Nick Atkin: There is clearly a focus from the regulator both in its statements and actions to target smaller schemes to drive them towards its preferred model of large consolidated schemes. We saw this in the proposals to apply a small scheme premium to the administration levy. While some effort has been made to consider proportionality in the new funding regime and single code, until we see how the regulator intends to police the arrangements it is difficult to know what this means. A heavy-handed approach to smaller schemes could quickly lead to disproportionate costs.

We do challenge the premise that smaller schemes produce worse outcomes for members. We believe they can be run differently to larger schemes and judging them on the same metrics is not necessarily helpful. We believe that if The Pensions Regulator wants to effect change, it should be by encouraging what they consider good behaviours and allowing schemes to decide what options best suit their circumstances. Based on their proposals and statements, they appear to believe there to be one correct way of running smaller schemes and aim to encourage schemes to adopt that approach. I think, in doing so, there is a danger that a lot of what is good about the current system with its diversity of different approaches, advisors and schemes might be lost.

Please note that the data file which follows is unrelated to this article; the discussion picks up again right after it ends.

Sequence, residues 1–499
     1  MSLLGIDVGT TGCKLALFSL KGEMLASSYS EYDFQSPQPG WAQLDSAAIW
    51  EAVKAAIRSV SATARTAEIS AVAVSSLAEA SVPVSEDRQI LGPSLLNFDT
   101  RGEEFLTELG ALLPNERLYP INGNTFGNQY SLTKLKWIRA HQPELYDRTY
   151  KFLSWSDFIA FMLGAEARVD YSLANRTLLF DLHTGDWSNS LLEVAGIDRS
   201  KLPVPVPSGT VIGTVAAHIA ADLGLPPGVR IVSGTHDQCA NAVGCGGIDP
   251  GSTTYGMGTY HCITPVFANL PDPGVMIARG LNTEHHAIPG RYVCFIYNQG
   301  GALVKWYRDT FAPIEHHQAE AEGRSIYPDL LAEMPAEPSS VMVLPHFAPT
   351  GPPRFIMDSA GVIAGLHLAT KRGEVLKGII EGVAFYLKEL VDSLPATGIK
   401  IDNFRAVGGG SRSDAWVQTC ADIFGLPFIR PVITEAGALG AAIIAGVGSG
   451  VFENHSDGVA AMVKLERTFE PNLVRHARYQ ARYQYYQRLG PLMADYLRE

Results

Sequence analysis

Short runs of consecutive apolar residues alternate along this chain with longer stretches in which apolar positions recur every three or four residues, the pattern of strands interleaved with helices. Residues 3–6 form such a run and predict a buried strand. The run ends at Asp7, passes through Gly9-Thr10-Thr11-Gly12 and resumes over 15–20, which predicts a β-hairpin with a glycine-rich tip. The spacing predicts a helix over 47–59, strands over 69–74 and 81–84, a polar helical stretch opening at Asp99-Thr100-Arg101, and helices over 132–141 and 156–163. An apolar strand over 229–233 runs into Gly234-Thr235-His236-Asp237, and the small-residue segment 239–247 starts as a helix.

To what extent do you think that DB schemes are reassessing their options in the wake of the past 18 months on the endgame front? Do you think run-on will become mainstream going forward?

Stuart Travers: For the last 18 months, the words ‘endgame strategy' have featured on most trustee board agendas. Most, if not all, are looking at a longer-term strategy, if not explicitly endgame planning, it's a moving target – there are many moving parts that are considered in any endgame, and trustees and sponsors owe it to themselves and their members to ensure the right strategy is applied after ensuring all options are considered.

This is not just something for the big schemes, but for all schemes!

The question should be, are endgame and its associated options not already options that trustees are discussing and considering today? They are now very commonly spoken terms and ideas. We do recognise that those not in the pensions industry may not be fully aware of all the options – this goes back to the point around engagement of all the strategic partners.

Colin Richardson: It will become mainstream to consider the other options, and there will be a certain proportion of schemes deciding that run-on is feasible and desirable, and can be agreed between the sponsor and trustees. However, it will never be the majority of schemes because it is size and circumstance specific.